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  • Washington Highlights

    Federal Agencies Announce No Surprises Act Flexibility for Providers

    Shahid Zaman, Director, Hospital Payment Policy
    For Media Inquiries

    The departments of Health and Human Services, Labor, and the Treasury announced providers, facilities, and providers of air ambulance services affected by the Change Healthcare cybersecurity incident may have additional time to initiate the open negotiation process under the No Surprises Act (P.L. 116-260 (PDF)). Open negotiation refers to the process a provider and a group health plan or health insurance issuer utilize to attempt to reach an agreement related to the payment amount for out-of-network services before resorting to the independent dispute resolution process.

    The departments stated that if a provider, facility, or provider of air ambulance services is not able to initiate open negotiation for any item or service furnished on or after Jan. 1 because of the Change Healthcare cybersecurity incident, these parties may choose to initiate open negotiation for these items or services at any point between June 14 and Oct. 12, regardless of when the payment or notice of denial of payment and disclosures were transmitted from the plan or issuer. Under the No Surprises Act, providers, facilities, and air ambulance service providers generally have 30 business days from when they receive an initial payment or a notice of denial of payment from the plan to begin open negotiation.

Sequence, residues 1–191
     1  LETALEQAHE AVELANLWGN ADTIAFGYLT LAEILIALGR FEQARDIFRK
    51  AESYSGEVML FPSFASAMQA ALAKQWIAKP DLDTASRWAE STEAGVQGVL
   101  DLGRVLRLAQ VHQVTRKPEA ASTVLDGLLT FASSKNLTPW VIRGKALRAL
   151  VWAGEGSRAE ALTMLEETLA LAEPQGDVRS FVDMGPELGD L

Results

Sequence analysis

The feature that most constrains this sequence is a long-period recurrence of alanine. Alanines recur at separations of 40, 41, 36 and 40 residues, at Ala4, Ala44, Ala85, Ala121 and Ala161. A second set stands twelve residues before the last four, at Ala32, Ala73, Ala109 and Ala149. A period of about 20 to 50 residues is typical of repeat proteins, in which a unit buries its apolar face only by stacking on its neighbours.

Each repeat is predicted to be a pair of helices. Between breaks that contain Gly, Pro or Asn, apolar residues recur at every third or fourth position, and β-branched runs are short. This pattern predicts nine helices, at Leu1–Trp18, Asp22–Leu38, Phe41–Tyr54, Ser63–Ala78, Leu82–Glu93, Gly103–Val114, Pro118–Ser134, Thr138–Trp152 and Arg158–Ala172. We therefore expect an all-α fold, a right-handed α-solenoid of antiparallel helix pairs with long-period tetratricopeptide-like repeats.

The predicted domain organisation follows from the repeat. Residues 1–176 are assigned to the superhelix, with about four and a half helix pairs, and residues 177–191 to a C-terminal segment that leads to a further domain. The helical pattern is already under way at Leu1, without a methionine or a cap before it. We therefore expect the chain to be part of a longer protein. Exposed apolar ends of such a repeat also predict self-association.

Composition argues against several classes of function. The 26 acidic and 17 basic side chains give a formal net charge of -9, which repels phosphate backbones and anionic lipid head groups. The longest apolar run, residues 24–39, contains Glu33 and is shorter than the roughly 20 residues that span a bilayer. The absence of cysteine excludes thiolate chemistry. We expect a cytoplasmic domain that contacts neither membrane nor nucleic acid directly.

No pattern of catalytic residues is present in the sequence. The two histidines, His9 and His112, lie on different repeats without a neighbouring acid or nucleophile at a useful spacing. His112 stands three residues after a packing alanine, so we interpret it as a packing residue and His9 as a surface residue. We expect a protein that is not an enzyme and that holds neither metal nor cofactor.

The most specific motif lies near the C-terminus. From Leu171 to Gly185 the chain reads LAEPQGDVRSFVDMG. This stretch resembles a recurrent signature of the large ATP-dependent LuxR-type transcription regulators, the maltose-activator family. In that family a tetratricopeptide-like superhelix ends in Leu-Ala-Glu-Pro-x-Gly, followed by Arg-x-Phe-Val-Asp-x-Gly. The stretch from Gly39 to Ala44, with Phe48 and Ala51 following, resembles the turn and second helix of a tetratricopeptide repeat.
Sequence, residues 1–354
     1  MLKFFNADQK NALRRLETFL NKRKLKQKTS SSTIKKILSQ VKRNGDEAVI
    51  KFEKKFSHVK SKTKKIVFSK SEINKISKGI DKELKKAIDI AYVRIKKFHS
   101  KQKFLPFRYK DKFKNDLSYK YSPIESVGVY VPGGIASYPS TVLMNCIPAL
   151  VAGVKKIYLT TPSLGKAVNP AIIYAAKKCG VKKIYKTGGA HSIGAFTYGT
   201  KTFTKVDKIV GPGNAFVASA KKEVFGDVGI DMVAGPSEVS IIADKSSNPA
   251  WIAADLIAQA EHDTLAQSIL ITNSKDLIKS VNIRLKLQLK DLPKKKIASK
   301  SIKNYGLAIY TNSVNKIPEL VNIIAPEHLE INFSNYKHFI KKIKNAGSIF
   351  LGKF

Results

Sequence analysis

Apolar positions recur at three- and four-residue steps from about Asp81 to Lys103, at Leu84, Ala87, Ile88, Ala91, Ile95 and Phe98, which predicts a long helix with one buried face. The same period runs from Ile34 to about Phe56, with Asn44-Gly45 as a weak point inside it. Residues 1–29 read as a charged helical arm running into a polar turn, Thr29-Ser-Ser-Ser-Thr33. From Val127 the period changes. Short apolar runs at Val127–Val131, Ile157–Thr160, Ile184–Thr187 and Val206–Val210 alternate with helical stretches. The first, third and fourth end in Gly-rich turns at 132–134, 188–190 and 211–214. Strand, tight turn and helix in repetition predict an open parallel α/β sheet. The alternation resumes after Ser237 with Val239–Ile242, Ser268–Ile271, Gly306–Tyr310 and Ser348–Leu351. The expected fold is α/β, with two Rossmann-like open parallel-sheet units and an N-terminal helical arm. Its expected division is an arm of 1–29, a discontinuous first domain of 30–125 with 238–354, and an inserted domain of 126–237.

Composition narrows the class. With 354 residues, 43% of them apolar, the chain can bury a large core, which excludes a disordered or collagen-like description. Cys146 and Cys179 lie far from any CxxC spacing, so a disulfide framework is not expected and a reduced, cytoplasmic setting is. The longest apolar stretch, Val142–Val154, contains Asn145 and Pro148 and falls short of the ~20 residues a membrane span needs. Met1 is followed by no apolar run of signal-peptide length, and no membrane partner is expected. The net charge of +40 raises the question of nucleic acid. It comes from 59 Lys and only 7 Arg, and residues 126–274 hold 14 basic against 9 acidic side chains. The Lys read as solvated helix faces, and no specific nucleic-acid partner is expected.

Parties intending to use this exception period must submit an attestation (PDF) that their ability to initiate timely open negotiation for an item or service was impacted by the cybersecurity incident.